Social Smoking: An Untenable Position

By Whitesel, Jason; Shuman, Amy | Sociological Focus, November 2009 | Go to article overview

Social Smoking: An Untenable Position


Whitesel, Jason, Shuman, Amy, Sociological Focus


Social smokers manage the conflicting aspects of their liminal identities by negotiating complex roles of performance and exchange. Using a combination of methods, including both participant observation of cultural performances and informal interviews, to elicit lay theories and accounts of self-conscious practices, this project examines social actors, self-defined as nonsmokers (or reformed smokers), who engage in recreational tobacco use. Through in-depth interviews and observations of self-identified female social smokers, we document general characteristics of this subpopulation, sampled from a large Midwest capital and its surrounding areas. Social smokers occupy an untenable social space; as neither smokers nor nonsmokers, they use both practices and discourses about those practices to stake their claim to an untenable social position. We conclude with a theoretical discussion that compares our findings with other discourses on smoking, especially the discourse of addiction narratives. In an age of increasing awareness of the health consequences, smoking has become a culturally unavailable category producing "disconfirming realities" in which social smokers constantly renegotiate their status.

With increasing attention to health consequences, smoking in the United States has decreased in everyday practice, while, at the same time, continuing to be a means for claiming or denying a socially performed identity. Even in a climate of awareness regarding its health risks, social smoking helps negotiate complex roles of performance and exchange. In this paper, we discuss the availability and sustainability of the category of the "social smoker" in a world that requires a sharp distinction between the habitual and the nonsmoker (both of which require identity work). The paradox for social smokers is that they believe that they are nonsmokers, but they tend to find their allies among habitual smokers, those who share a similar stigmatized and regulatory discourse. In the current climate of smoking bans in public places, the alienation of smokers is exacerbated. Social smokers move in and out of passing as either habitual smokers or as nonsmokers, even as passing in one category inevitably delegitimizes their claims to membership in the other. Social smokers do not belong to a coherent or fixed category; rather, social smoking destabilizes the rigidity of the habitual smoker/nonsmoker binary.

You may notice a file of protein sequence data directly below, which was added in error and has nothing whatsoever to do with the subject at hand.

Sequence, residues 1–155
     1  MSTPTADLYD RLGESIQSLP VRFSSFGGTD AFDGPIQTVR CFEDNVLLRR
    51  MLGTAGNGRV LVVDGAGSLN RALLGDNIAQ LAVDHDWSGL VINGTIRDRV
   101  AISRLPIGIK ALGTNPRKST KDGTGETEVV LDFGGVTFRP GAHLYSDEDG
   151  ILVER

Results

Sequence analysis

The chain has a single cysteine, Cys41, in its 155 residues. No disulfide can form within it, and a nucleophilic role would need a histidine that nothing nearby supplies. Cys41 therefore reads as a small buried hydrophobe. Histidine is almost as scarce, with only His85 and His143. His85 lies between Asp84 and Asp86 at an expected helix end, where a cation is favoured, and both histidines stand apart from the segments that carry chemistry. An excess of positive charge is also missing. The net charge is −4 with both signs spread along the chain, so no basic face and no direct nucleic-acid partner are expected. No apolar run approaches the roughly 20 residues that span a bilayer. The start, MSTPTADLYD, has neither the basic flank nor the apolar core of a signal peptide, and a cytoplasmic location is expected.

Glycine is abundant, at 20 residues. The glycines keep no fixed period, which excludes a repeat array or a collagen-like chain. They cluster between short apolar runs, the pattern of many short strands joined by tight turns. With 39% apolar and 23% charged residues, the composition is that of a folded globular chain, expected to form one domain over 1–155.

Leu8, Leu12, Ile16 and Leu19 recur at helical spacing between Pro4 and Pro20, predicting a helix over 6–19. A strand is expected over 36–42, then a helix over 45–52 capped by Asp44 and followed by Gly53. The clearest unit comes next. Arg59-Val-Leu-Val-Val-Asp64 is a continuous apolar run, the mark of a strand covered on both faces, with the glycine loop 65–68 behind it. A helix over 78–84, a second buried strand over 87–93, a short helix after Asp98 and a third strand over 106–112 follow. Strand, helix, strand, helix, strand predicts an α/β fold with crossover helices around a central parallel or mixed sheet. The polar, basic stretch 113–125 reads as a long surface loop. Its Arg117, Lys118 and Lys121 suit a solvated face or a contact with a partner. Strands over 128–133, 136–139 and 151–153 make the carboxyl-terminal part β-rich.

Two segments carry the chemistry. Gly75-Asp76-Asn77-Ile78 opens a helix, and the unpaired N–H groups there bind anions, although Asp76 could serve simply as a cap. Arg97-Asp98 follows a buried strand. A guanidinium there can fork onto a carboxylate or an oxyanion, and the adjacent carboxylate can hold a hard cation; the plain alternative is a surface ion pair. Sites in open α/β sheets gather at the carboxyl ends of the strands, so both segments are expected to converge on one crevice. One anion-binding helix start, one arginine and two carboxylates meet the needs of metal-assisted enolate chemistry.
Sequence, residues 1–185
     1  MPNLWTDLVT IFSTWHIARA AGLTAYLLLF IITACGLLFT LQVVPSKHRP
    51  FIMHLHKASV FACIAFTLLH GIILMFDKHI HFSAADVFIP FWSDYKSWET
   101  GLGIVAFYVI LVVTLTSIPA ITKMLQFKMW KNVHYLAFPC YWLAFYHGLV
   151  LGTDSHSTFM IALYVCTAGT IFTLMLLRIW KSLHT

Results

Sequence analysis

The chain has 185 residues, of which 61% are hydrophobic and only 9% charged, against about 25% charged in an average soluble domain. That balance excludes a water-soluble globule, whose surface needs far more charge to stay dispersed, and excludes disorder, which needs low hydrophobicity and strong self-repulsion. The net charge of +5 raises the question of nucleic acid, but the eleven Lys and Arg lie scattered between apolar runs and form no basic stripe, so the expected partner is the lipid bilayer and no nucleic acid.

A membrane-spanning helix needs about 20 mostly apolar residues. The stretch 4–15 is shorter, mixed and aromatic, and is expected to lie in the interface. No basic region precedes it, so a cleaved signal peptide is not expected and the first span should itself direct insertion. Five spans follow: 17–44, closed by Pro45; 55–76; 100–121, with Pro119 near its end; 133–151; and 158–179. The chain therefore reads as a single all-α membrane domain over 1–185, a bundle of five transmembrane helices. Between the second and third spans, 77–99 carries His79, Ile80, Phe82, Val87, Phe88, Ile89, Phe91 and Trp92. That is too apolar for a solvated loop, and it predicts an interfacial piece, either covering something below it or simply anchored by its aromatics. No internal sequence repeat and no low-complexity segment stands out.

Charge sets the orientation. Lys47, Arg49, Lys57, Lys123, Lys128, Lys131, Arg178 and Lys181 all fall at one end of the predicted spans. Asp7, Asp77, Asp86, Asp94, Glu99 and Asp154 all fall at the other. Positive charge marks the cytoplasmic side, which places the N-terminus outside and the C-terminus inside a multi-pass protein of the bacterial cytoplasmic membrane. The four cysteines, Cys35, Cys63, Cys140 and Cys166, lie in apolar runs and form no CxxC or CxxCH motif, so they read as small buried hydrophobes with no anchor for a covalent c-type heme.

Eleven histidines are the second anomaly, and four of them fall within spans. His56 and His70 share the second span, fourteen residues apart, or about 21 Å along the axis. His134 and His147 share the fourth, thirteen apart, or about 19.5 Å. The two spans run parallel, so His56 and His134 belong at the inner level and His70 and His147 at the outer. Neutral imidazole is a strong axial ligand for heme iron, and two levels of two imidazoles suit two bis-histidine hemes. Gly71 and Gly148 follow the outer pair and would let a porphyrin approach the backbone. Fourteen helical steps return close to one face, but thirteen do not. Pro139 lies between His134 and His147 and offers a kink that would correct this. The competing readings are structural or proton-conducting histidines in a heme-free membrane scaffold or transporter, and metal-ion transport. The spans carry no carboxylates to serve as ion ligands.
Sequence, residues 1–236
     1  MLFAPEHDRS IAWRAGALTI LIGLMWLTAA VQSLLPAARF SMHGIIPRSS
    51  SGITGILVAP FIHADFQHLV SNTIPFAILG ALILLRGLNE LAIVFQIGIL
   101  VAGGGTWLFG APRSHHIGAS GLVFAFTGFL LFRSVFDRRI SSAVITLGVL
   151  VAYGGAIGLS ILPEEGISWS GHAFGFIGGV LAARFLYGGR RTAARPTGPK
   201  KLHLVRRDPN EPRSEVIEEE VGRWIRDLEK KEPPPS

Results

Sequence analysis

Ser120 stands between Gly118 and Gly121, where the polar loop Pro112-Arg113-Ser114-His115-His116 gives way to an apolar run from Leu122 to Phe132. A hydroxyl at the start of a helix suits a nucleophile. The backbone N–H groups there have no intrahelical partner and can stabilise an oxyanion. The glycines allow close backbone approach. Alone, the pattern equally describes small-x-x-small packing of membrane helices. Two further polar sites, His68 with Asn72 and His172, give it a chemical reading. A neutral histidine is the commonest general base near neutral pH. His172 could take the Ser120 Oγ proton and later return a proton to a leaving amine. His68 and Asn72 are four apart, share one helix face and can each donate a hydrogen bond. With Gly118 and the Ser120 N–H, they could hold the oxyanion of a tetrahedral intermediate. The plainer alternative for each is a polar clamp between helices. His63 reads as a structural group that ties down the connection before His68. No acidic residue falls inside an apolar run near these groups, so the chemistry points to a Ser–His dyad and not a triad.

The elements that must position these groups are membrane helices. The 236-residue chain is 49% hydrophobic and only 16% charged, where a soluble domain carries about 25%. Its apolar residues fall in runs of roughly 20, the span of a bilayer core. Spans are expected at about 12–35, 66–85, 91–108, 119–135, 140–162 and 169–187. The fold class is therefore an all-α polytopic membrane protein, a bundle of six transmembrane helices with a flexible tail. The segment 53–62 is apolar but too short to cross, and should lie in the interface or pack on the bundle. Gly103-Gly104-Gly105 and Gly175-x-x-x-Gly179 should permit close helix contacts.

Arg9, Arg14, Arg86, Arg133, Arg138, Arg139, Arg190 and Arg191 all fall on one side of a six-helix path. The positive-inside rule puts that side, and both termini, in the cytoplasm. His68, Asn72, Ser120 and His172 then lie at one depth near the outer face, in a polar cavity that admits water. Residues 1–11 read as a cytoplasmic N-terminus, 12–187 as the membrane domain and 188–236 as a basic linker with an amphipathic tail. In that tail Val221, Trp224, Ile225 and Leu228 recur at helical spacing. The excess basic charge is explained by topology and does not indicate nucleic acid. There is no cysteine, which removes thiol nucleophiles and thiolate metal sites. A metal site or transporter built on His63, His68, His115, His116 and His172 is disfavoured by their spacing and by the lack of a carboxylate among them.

Social smokers eventually experience a disconfirming reality. Richard Hilbert refers to this as an estrangement problem in which people lack social alliances in a society that does not recognize their experiences. Such individuals prefer "neither concealment nor disclosure" and thus remain invisible (1984:370). Social smokers, who also experience this estrangement and lack of category recognition, can suffer from a kind of hypervisibility in which olfactory and visible evidence forces them to question which version of reality is correct, or if they can sustain the reality they prefer. Hilbert argues that the alternative is not only for stigmatized individuals to pass as normal, but - more importantly - to find a means to sustain the ambiguity of a contradictory position (1984:373).

Conscious of the possibility that smoking produces real consequences for physical health and that smoking is stigmatized as a filthy habit, social smokers try to differentiate themselves from habitual smokers, and they convince themselves that they are effectively nonsmokers. Survey results representing the primary motivation for social smoking as "a dismissive attitude to the dangers of smoking" cannot account for its social dimension (Herlitz and Westholm 1996:209). Our research documents social smoking as a self-conscious performance involving elaborate, practiced, ongoing behavioral management. We argue that social smokers formulate intricate strategies that depend on reciprocity and mutual recognition to create a barely sustainable social identity associated with a stigmatized practice. …

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